top of page

"Simple" Rook and Pawn vs Rook - Part 2: Drawing Mechanisms

In the previous article, we talked about simple cases of rook and pawn versus rook where the side with the pawn won. This included Lucena's position and how to win when you have the dreaded rook pawn. In this article, we will be looking at a couple of drawing mechanisms for the side that is lacking the pawn. These are the simplest of all drawing mechanisms, and are critical for all chess players to know.


Before we dig into these drawing mechanisms, I want to bring up some statistics. I personally have played roughly 3400 tournament games of standard time control. What I am about to cover has come up a good 30 to 40 times, or roughly once per 100 games. In contrast, Lucena's position has been reached six times in those same 3400 games, five of them going in my favor. But as we can see, that is less than once every 500 games. The reason for this is that for Lucena's position to occur, either the player lacking the pawn must have been forced into the rook and pawn versus rook ending where his own king started out of place, or else he made a major error. If the defending King can get in front of the pawn, it is almost always a draw with best play.


Here, we will be talking about the three most important drawing mechanisms to know. They include:


A) Philidor's Draw

B) The Passive Defense

C) The Short Side Defense


A) Philidor's Draw


If there is only one ending you ever remember from these articles, this is probably the most important one to know of them all. It will save you half a point more times than you probably want to imagine. The good thing about Philidor's draw is that there are no exceptions. The mechanism works against all pawn types, whether that be a central pawn, bishop pawn, knight pawn, or even a rook pawn, though in the case of the rook pawn, it isn't totally necessary, but it doesn't hurt to make a habit of using this mechanism.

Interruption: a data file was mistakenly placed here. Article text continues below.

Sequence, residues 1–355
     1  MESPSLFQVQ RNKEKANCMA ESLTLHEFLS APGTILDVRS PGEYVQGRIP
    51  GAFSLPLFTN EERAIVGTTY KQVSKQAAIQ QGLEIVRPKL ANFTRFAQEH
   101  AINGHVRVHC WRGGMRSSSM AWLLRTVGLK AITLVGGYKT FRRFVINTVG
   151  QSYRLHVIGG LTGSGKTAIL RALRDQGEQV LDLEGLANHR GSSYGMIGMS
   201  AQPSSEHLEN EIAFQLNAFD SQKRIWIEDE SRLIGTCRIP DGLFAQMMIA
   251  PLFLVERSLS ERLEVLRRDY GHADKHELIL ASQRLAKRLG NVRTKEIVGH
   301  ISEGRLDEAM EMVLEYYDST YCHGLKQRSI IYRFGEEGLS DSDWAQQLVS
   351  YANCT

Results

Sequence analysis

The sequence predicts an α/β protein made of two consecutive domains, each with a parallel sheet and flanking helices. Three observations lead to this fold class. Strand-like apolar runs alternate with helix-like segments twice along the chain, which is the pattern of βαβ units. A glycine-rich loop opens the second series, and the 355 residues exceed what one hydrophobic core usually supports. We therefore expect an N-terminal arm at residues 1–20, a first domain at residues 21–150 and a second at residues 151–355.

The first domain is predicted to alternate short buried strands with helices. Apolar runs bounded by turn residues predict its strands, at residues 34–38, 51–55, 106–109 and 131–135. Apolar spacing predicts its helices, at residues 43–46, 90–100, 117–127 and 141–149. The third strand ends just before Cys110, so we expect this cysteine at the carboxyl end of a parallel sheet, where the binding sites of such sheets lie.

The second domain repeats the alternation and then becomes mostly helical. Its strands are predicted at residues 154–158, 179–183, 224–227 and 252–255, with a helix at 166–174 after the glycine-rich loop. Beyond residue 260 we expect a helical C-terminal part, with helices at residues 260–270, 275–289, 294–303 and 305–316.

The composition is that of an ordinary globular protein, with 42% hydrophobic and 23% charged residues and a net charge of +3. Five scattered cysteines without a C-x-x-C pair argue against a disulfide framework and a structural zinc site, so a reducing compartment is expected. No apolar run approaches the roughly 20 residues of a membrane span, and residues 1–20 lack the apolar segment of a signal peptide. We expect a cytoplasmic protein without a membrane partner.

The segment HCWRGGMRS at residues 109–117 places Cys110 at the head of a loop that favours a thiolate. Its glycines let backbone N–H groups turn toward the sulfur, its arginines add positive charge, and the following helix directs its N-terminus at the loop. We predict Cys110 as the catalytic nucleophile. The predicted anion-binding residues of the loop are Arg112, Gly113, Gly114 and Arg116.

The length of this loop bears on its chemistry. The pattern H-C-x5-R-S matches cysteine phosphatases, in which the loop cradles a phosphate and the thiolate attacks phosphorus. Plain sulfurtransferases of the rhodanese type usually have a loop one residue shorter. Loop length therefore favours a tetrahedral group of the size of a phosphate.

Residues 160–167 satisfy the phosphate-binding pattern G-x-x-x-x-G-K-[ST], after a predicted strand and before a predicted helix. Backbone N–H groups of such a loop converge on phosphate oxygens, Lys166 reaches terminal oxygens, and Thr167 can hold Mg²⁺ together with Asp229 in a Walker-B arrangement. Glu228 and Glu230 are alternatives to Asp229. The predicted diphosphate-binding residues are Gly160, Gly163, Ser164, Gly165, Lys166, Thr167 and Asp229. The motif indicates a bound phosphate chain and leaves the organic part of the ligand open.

The rule itself is fairly simple to remember. If the side that has the pawn has both his pawn and his king either on or behind the fifth rank, then the defending side needs to have his king on one of his back two ranks and on the same file as the opposing pawn, and his rook needs to defend the sixth rank from the perspective of the pawn. In other words, if it's a white pawn, the black rook needs to be placed on the sixth rank. If it's a black pawn, the white rook needs to be placed on the third rank.


Let's take a look at a concrete example:




If you are the player down the pawn and are trying to draw the game, this should always be the first method you try for. If this method is not available, like if the rook or king of the side that has the pawn is on the sixth rank, then you have to look at the following methods, and which one you use speciically depends on what file the opposing pawn is on.


B) The Passive Defense


The passive defense is the method used when unable to use Philidor's Draw method and you are defending against a rook pawn or a knight pawn, and I must emphasize, ONLY when defending against a rook pawn or a knight pawn.


The method itself is extremely simple, as we will see in the example below. Stopping a rook pawn is easy. For a knight pawn, there are a few "rules" to follow when using the passive defense. In any specific situation, there may be other methods to draw, but if you follow these rules, they always work with no exception.


The rules are:

  1. Always keep the king on the file of the pawn and on the back rank. In the one instance where he checks you, always go to the corner. Once it is legal to return to the original square for the king, return to the original square

  2. The rook must come to the back rank, and if the king is already on the desired square, toggle the rook between the two squares farthest away from the pawn that aren't attacked by the opposing rook.


It really is that simple. Let's see these rules put into action.